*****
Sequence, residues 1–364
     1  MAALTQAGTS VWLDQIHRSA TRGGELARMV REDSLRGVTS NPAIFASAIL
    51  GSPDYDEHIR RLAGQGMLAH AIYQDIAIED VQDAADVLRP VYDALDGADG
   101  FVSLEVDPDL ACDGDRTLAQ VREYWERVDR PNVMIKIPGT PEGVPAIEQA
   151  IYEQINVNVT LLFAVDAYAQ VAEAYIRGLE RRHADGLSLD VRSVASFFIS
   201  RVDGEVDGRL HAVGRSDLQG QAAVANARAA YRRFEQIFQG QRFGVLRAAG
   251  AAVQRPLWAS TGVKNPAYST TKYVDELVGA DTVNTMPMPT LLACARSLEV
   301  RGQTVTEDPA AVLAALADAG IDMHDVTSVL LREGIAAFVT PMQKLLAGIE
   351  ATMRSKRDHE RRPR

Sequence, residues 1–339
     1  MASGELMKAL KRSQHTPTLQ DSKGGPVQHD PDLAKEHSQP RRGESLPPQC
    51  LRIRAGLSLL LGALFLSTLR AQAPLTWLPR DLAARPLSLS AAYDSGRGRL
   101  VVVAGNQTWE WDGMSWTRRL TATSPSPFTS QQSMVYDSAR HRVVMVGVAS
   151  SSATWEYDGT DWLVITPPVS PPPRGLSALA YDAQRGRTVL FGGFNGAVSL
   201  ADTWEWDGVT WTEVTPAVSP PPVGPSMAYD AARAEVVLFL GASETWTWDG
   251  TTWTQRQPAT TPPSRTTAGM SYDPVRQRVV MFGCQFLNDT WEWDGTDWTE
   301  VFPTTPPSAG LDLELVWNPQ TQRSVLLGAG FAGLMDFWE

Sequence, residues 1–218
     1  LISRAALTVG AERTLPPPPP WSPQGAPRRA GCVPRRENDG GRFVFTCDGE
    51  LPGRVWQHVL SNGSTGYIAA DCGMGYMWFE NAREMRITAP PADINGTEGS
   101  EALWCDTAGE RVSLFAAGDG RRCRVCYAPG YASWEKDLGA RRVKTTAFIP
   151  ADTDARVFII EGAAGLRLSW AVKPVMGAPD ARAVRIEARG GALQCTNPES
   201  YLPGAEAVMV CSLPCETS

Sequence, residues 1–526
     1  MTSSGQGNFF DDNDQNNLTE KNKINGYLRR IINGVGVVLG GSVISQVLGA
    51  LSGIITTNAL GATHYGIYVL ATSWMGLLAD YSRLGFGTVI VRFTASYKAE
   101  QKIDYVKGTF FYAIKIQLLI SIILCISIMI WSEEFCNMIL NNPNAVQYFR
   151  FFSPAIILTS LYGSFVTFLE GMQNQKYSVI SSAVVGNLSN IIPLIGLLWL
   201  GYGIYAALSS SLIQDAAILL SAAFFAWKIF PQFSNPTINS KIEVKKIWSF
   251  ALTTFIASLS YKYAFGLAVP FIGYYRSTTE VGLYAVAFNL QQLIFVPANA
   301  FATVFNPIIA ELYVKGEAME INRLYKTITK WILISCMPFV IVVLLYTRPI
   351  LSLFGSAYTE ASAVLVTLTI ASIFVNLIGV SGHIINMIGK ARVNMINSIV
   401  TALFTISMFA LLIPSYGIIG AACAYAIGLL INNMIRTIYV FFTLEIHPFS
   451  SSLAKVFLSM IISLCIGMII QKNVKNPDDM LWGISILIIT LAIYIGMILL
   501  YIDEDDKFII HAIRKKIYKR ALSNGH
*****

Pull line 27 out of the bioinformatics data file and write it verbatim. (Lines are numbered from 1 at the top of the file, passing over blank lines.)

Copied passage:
   101  QKIDYVKGTF FYAIKIQLLI SIILCISIMI WSEEFCNMIL NNPNAVQYFR